Si Shangase says:Focus on the next generation of SEOs that are coming into the space. This is important now more than ever, due to what has happened over the last two years. The lockdown has really shaped how we do business, how we work, and how we come together as groups. If you look at the juniors that have come straight out of university, they haven't had the opportunity to work in groups in an office environment, where you can learn through osmosis. It's been a challenge for them. There is a lot that we can do with Teams, but we all get Teams fatigue. More can be done in the SEO community to bring the next generation into SEO. We know that, with the rise of social media, SEO is not the 'cool kid' anymore.
Has the pandemic affected recruitment in terms of the types of people that are being brought into the profession?
I think so. SEO is a broad spectrum, but the biggest stress for people who are recruiting is that they don't hire people outside of the traditional norms. Most businesses always recruit from the same university, and the same channels, so the diversity of people working in that space is shrinking. During the pandemic we also saw a decline in the number of women working within SEO. That could be for several reasons, such as childcare responsibilities, but the pandemic has caused a shift in the demographic that's been coming into SEO. The younger generation need access to the things that we've always known to do in SEO. We need things like Meets after work, including those sponsored by companies or organisations, to bring new people into the space. That's been a lot more challenging.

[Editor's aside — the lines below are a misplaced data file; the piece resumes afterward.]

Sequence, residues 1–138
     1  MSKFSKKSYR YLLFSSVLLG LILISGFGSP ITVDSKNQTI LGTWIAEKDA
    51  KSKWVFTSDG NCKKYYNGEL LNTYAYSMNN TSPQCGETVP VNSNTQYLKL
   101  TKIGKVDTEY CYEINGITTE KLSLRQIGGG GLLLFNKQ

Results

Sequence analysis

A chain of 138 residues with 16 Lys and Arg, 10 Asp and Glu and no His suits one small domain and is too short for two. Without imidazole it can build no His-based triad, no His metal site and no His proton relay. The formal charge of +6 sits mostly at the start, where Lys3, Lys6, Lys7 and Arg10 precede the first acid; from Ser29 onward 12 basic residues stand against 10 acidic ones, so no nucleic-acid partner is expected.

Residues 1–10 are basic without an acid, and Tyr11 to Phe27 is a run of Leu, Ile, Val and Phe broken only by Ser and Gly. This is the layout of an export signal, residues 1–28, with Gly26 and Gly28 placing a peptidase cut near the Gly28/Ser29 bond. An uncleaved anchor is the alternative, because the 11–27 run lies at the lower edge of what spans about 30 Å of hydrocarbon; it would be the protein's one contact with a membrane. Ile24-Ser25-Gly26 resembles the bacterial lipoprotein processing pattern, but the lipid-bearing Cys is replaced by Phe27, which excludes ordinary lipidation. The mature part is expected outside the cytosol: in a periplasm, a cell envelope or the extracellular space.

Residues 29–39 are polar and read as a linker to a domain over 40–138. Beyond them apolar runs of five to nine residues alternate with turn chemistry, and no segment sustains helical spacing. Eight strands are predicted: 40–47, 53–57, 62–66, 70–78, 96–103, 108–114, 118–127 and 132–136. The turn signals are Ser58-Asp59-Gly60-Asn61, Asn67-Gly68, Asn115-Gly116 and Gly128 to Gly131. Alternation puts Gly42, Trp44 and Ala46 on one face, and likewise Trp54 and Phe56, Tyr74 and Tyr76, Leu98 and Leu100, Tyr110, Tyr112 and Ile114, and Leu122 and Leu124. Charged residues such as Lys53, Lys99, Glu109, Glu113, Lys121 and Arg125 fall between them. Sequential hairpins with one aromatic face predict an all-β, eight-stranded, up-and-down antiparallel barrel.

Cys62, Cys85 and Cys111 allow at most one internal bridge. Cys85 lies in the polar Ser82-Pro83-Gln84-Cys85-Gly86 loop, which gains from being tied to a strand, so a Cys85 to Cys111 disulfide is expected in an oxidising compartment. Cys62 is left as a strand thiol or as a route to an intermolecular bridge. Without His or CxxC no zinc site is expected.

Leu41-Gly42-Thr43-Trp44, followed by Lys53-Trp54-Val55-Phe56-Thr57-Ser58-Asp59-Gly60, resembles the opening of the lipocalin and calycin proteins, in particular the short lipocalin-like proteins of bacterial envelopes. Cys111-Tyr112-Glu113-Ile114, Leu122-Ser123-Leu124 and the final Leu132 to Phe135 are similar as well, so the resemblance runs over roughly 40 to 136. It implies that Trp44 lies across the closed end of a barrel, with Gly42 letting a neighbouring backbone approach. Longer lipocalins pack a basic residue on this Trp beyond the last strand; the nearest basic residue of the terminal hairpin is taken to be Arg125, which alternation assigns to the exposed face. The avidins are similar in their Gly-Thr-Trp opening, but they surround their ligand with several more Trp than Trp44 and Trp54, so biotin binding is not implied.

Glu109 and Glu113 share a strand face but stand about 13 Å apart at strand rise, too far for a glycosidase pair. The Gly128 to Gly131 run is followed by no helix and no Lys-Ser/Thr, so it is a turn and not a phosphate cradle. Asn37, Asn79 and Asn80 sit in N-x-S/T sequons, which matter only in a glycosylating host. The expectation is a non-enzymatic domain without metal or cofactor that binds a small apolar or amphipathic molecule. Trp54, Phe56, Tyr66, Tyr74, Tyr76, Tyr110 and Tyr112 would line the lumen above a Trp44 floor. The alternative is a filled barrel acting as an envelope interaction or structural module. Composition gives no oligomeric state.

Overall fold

What can more senior SEOs and recruiters do to make SEO more appealing to the younger generation?